What Is Illinois’ Rule On Spanking?
Some parents and adults responsible for the wellbeing of children have expressed concern that they cannot discipline their child or if they do that they might get in legal trouble. Will I get arrested if I spank my child? They ask us this all the time. This is not the craziest thing to worry especially with battery laws. However, instances where parents or guardians have been arrested for using corporal punishment typically include extreme situations-where adults seriously injured kids. The governing law in Illinois is the Abused and Neglected Child Reporting Act Section 325 ILCS 5/3 and it allows parents the right to spank their unruly children. However, they also must be reasonable in their use of force and cannot “excessively” spank kids. This is pretty much in line with the logic of other states and cases are normally decided on a case by case nature according to the specific facts and circumstances of the incident.
What Happens If I Break This Rule?
The consequences of breaking the “spanking rule” in Illinois can be severe. You might be convicted of battery which is a criminal misdemeanor offense punishable by up to one year in jail and $2,500 in fines. This is extremely deleterious when you remember that domestic battery charges cannot be seal or expunged; therefore, your future reputation can be at stake. With respect to your children, you might lose the right to parent them especially if you are divorced from your spouse. Therefore, in order to avoid the sanctions and culpability of 720 ILCS 5/12-3.2 (domestic battery), you need to assert the defense that you were disciplining your child when you spanked him or her. When doing so, you must exhibit how your punishment was reasonable and avoided the use of excessive force.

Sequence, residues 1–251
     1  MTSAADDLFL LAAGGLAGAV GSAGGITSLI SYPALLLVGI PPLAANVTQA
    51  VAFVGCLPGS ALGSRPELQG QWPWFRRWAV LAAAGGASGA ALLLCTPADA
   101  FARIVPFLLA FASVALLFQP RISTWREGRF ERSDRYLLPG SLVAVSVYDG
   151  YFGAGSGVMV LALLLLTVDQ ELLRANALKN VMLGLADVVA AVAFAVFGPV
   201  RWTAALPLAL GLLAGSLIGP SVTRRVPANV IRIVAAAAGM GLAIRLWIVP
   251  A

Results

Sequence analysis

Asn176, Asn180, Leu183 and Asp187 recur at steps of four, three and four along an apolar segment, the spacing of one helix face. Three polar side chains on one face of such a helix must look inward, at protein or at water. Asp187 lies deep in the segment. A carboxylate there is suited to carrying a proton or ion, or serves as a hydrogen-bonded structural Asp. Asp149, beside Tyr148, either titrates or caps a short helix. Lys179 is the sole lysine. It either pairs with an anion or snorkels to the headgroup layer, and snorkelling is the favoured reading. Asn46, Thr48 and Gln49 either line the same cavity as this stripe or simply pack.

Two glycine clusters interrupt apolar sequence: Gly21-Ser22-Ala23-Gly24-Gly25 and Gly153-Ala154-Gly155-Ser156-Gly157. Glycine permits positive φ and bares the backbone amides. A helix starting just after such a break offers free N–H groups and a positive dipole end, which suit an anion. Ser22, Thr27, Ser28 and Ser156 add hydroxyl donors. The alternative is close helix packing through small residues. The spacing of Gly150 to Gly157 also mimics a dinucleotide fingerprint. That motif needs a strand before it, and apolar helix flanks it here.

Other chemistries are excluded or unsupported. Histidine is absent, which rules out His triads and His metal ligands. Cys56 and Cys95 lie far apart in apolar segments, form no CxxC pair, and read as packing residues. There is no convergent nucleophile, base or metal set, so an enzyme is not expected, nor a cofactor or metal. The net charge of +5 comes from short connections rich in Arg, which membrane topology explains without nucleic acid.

Questions About Disciplining Your Children? Give Us A Call!
Yes. The law in every state and Washington, D.C. allows parents to physically discipline their children. The only limit on parents’ right to spank their kids is that they must be reasonable and not inflict injury. However, these general guidelines allow states a lot of flexibility in crafting specific spanking rules.
For additional information see the following pages:
- How Are Children Injured?
- What Can a Child Obtain in a Personal Injury Case?
- What Are Child Injury Laws?
- What Is Institutional Child Abuse?
- What Can I do If I Have Been Harmed or Know a Child That Has Been Harmed?
- What Are Child Injury Cases Worth?
- What Resources Are There For Injured Children?
- How Can a Lawyer Fight For Your Injured Child?
- What Medical Injuries do Children Suffer?
- What Are Typical Childhood Injuries?
- Are Children Injured More Frequently Than Adults?
- Do Children Get Hurt More Than Adults in Hospitals?
- Can I Get in Trouble For Falsely Reporting Child Injuries?
- Do Children's Injury Cases Normally Settle or Go To Trial?